One of the more controversial columns I wrote, in my earliest days of writing for this newspaper, was entitled “Women and dogs.” It was about the phenomenon of childless women, adopting a dog and then raising it as if it were a baby. Also, speaking to it as if it were a baby—even when the dog had reached riper years.
While I did not stress the point, and perhaps should have, as it was necessary to my argument, there are important differences between dogs and babies, going beyond the cultural and gender issues. A dog is, in fact, a member of another species: a domesticated subspecies of the grey wolf, as I understand. He is so from conception, and remains so till death. Whereas, a baby is a member of another species—and, ditto.
There is a great deal of moral relativism today, and animal rights activists advance the argument that it is bigotry to prefer one animal to another. There is a great deal of madness afoot in our society, but I think there are strong prudential reasons for distinguishing one species from another.
Dogs, for instance, are “hard wired” to behave rather differently from humans. A dog trainer will be familiar with some of the differences, and embrace pedagogical techniques pitched specifically to the dog’s form of reasoning.
Example: dogs, like wolves, are pack animals, with an innate sense of hierarchy. They are made uncomfortable by being placed in a relationship of equality with a human master. I know this will sound reactionary, but a dog would actually prefer to receive comprehensible orders, than to be negotiated with in a language he cannot understand.
He is a sporting animal, too, and to the credit of dogs, they do their best to adapt to strange social situations, and to the apparent needs of the strangest masters (or mistresses, as the case may be).
But it is hard to blame a dog for what, from either the human or the canine view, is reprehensibly undisciplined behaviour, when he was raised as a baby, although he was a dog. The solution for masters and mistresses alike is: learn to distinguish your species!
I admit dogs and humans have some things in common. We are both animals, after all, well above the daisies in the feeding chain.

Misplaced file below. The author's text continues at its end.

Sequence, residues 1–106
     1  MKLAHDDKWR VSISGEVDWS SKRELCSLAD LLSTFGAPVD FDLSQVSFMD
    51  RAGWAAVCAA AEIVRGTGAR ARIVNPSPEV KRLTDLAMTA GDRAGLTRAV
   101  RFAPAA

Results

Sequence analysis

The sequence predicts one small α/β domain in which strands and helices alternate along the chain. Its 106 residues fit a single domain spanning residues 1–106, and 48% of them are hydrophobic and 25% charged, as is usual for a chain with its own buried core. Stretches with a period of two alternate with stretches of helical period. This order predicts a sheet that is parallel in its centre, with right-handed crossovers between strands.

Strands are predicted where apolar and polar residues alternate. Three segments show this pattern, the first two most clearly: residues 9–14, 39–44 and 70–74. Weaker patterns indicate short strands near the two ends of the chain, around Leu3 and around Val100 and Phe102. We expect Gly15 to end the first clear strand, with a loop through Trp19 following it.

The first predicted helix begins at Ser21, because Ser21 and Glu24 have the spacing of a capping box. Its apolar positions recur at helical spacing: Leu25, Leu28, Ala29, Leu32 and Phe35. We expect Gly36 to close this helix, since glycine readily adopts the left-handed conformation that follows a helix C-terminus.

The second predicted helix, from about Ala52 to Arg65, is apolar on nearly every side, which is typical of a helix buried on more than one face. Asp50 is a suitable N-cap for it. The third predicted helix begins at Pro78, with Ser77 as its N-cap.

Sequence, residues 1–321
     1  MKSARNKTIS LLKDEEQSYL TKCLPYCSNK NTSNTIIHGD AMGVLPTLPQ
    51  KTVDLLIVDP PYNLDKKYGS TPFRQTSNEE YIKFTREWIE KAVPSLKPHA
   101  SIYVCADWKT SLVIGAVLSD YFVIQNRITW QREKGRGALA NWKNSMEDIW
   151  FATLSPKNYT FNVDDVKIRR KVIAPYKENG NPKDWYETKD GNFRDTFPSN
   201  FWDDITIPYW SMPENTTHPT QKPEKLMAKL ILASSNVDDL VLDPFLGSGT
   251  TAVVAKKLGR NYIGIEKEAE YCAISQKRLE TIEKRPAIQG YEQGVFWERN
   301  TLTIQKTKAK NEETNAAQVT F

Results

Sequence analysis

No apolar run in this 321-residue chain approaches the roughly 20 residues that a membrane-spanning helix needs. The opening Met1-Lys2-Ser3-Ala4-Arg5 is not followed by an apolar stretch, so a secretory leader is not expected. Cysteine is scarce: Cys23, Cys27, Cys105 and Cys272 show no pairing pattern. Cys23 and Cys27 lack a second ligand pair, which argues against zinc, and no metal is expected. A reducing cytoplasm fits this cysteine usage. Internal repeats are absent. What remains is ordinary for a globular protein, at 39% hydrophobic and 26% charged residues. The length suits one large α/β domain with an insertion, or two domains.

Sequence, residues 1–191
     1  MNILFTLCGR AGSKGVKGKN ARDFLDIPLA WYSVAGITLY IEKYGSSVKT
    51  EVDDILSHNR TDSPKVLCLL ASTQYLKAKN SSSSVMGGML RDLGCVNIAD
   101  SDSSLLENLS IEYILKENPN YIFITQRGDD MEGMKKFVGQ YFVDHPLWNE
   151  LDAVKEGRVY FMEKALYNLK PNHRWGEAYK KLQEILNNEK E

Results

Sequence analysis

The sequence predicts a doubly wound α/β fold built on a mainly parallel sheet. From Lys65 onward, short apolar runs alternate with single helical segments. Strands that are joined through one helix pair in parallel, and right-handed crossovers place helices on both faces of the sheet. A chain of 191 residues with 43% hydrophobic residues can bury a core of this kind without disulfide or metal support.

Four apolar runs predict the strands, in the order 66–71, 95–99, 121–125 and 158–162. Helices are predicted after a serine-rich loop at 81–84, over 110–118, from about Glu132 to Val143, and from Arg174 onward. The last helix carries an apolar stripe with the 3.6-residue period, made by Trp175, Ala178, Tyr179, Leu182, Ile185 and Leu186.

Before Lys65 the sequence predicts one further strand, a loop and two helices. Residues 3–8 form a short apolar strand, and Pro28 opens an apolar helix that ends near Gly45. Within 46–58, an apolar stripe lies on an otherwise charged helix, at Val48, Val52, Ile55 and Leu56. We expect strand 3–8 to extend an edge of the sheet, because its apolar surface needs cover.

We are both capable of seeing, hearing, smelling—albeit to different levels of acuity. And we have another subtlety in common: the ability to distinguish something that is living from something that is dead.
This last ability is shared, I think, by all the higher animals, and according to their lights, by many of the lower ones, too; so it came as a surprise to me to be forwarded this week a media item about the latest trend in child substitutes. They are called, eerily, “Reborns,” and are dolls, carefully manufactured to resemble real babies not only in appearance, but in tactile and olfactory ways. They are nevertheless low-maintenance, because unlike living things, they do not whine, yell, eat, get sick, or perform other characteristic biological functions.
Upon searching the Internet I found that the product is not new, and that the phenomenon of adult women purchasing Reborns and keeping them as if they were real babies, has been endemic for at least a year. Pictures of the things gave me the willies.
I asked around about this.
Granted, I harbour non-relativistic notions about what is normal and abnormal in human behaviour.
I found, among my more normal friends, that the phenomenon also gave them the willies. Several noticed the resemblance of these dolls to actual dead babies (I know more than my share of nurses who have seen such things), and few could avoid being reminded of abortions: of the many million living babies who have been turned into dead babies on the Carthaginian altar of post-modernity.
On the other hand, a friend whom I consider rather abnormal thought Reborns were “very sweet.”
We have all heard about inflatable sex dolls, and recently there was a media flourish on Japanese “robot women,” and the market for them among lonely men.
Out of my own innate preference for living women, I do not hesitate to label woman-dolls as sick.
On the other hand, the little girls’ habit of playing with (much less realistic) dolls can be traced to ancient archaeological sites, and I class it as healthy. It is child’s play, and I would worry only about the little girl who has taken talking to her dolls to a disturbing extreme.
But grown women passionately attached to Reborns?
It will take a lot of additional cultural conditioning before the people I know get over their revulsion for such things.
In the meantime: What an extraordinary revelation, not merely of where our society is going, but where it has gone.